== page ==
What is possible is to issue a cut off at 1½ x Average Wage and no bonuses above that level of salary ( you should not be gasping for a beer on that money)
Bonus: For extra effort and target. Tell you what a lot of 25% bonuses are actually only 5-10% (if that) because people on 40 hour contacts who work 50 hours are actually just being paid for hours worked. Saving the banks money in o/t administration.
Think about it. The woikers are being gipped.
Up the tree a bit different parameters and should be on profit and not revenue.

Right to bring out into the open, reset the incentives.

Tearing up contracts? I bet there is a lot of businesses that would like to do that! David Cameron is undermining the very basis of our laws and economy - the voluntary exchange of goods and services.

BTW, is Oliver Letwin willing to forego any bonuses due to him at Rothschilds? We should be told!

Regarding tearing up contracts statement, it's the sort of thing that politicians say sometimes, usually not realising that they'll regret it later if they end up in a position where they might be expected to do it, usually then after a bit of legal advice they later declare that it was interpreted the wrong way, and what they were actually saying was etc.... etc...

If there is a contractual obligation then abandoning the contract would mean paying compensation.

Even by your standards Adam, a strange post. Last time I looked Rothschilds were not in receipt of tax payers. Do you really not get it or are just trying to score (very) cheap political points?

It's easy to assert that these employees would not have jobs without the taxpayers' support, but harder to prove. In fact what happened was that banks that were not insolvent were instructed to receive government money. There is no guarantee that they would not have been able to continue in trade without that government money. And even if they had entered administration, there is no guarantee that all of the employees would have been fired. Many of them might have worked in profitable units that were transferred to other companies with bonus schemes intact. And even if they had been fired, they might subsequently have entered other jobs with companies that would have paid them more than their current base salaries.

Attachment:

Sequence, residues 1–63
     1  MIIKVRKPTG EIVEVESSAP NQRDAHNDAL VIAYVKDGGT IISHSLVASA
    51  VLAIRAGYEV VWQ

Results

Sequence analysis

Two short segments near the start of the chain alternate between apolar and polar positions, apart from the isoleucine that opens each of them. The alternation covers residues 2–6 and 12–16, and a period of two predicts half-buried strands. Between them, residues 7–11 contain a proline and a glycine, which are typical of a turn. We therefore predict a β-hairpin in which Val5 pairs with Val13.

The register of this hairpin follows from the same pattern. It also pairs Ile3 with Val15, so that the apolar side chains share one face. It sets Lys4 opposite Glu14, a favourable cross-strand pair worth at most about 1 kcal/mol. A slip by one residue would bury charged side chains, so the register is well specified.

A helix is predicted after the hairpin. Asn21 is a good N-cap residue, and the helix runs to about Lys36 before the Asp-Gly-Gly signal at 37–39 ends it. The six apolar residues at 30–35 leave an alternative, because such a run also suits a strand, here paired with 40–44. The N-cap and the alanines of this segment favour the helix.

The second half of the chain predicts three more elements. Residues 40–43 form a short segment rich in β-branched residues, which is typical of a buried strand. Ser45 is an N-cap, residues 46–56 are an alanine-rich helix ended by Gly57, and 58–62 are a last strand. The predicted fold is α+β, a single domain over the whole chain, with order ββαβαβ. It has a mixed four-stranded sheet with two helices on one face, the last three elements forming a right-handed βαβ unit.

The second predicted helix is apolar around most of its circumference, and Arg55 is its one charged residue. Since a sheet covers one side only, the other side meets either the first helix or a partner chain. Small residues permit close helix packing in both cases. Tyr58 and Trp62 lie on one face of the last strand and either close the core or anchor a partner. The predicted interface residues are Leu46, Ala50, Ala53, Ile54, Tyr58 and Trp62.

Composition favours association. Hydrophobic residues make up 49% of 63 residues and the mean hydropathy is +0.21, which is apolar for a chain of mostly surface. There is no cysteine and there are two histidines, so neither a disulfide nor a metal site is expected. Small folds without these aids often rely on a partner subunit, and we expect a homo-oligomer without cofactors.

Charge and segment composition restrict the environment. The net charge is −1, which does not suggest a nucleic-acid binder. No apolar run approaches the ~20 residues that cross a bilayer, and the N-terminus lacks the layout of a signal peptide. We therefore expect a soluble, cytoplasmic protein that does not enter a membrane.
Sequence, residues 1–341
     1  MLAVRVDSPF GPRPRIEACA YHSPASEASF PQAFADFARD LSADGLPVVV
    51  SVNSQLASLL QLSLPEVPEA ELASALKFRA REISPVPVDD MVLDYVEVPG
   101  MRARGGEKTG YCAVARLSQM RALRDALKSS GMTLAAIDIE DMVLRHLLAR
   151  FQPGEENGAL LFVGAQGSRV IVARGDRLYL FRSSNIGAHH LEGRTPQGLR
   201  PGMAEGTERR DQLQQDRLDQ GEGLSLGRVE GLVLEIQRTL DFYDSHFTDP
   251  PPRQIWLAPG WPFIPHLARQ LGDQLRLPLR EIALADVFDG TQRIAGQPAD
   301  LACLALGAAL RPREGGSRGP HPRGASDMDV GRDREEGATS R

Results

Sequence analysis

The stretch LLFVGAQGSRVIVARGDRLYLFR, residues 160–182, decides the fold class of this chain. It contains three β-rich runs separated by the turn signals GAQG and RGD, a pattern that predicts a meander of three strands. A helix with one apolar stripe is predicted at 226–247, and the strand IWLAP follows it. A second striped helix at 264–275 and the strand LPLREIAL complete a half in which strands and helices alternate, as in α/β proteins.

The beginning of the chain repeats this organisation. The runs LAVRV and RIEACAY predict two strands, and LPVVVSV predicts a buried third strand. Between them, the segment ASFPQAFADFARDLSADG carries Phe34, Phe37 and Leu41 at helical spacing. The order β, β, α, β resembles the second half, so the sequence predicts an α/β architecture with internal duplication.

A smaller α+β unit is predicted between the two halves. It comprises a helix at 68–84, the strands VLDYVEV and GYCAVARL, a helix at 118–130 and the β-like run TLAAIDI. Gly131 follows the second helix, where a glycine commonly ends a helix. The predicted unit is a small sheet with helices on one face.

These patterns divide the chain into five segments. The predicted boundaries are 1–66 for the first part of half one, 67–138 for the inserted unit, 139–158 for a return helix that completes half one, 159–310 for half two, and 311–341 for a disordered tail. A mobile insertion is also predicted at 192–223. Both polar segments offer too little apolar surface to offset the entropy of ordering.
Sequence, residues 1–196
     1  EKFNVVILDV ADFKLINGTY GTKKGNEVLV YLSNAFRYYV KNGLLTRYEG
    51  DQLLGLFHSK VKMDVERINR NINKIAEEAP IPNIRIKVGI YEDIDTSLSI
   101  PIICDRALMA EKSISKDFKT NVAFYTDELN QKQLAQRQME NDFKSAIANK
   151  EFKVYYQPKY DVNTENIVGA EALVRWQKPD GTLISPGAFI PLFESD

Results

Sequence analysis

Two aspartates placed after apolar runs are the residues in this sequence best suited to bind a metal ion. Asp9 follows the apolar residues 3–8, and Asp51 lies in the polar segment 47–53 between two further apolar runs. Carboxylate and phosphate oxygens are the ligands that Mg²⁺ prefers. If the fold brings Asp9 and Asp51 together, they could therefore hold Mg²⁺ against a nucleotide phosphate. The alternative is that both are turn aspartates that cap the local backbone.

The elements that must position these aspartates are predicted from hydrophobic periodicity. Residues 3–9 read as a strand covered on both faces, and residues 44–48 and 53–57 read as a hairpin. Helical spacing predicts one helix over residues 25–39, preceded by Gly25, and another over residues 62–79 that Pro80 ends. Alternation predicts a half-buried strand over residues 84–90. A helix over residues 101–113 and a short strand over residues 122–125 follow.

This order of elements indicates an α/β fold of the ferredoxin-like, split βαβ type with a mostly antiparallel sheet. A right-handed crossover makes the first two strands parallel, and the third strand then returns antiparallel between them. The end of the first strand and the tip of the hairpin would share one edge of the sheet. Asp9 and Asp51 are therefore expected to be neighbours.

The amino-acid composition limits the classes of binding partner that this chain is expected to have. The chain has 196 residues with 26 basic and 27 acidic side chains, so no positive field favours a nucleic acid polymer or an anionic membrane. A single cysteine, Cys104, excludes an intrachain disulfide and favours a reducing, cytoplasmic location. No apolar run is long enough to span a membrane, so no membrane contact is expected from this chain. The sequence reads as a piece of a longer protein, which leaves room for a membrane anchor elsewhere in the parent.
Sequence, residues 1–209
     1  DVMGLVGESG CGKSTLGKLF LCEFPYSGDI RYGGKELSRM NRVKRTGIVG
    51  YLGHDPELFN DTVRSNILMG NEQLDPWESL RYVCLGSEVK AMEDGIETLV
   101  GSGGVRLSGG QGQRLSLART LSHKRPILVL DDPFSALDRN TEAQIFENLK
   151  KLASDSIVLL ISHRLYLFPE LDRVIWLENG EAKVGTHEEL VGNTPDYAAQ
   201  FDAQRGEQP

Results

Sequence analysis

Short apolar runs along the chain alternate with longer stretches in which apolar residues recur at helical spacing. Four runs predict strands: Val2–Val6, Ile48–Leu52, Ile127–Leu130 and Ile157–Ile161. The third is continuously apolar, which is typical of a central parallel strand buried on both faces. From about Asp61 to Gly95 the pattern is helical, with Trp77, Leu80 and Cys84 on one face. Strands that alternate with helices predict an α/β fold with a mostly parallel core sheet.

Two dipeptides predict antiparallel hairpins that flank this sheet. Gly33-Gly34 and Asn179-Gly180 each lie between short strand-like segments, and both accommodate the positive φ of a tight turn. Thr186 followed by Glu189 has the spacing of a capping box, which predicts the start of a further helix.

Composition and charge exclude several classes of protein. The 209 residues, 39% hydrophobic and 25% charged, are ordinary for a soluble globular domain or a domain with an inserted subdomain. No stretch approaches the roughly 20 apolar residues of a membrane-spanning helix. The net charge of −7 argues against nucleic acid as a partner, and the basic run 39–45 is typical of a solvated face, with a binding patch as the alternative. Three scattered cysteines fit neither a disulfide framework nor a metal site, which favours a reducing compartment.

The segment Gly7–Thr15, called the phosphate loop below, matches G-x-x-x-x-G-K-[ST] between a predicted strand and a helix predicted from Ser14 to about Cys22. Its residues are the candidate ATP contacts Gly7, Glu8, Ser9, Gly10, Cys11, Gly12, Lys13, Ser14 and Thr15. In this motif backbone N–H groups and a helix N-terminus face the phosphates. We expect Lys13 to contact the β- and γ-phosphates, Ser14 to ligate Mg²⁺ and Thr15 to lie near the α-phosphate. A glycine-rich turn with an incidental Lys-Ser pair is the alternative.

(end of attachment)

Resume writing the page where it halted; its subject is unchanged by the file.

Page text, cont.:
All we really know is that they have contracts that entitle them to bonuses if they meet their performance targets, and they have met those targets. So they are legally entitled to their bonuses. Stating that they should not receive them is trampling upon the employees.

If we are going to trample upon contracts, why is this the place to start? Why not trample upon the contracts of the bondholders who were spared (inappropriately) by the government takeovers. Why should employees suffer ahead of bondholders?

There is no long term thought here just short term management.

We need a financial services industry its the last remaining thing we are good at as a nation. Not all banks nor all departments failed and those that didn't are making money even in falling markets. I know a hedge fund up 70% on the year.

I understand the public's need for revenge on the bankers and feel the schadenfreude as keenly as anyone. But its not the way to keep the talent in London nor to keep the City as the bread basket of this country.

Cutting your nose off to spite your face.

Mr Lilico,
Did the banks have to take that instruction if they didn't have to? Barclays didn't but much moaning about the rate-backs to Gulf Sovereign funds they are giving.
Who started this farrago? Look at the Bear Stearns collapse a bit more closely? Who whinged to Euroclear about excessive cost of funding?
No, a winddown needs employees who suddenly are valued more than when the bumphumps ran it, they know where the stationery cupboard is. W
What is this legally? Are you telling me you support guaranteed bonuses? Really, what are the terms of your own employment? If they include this, it may explain some of your wilder excitements.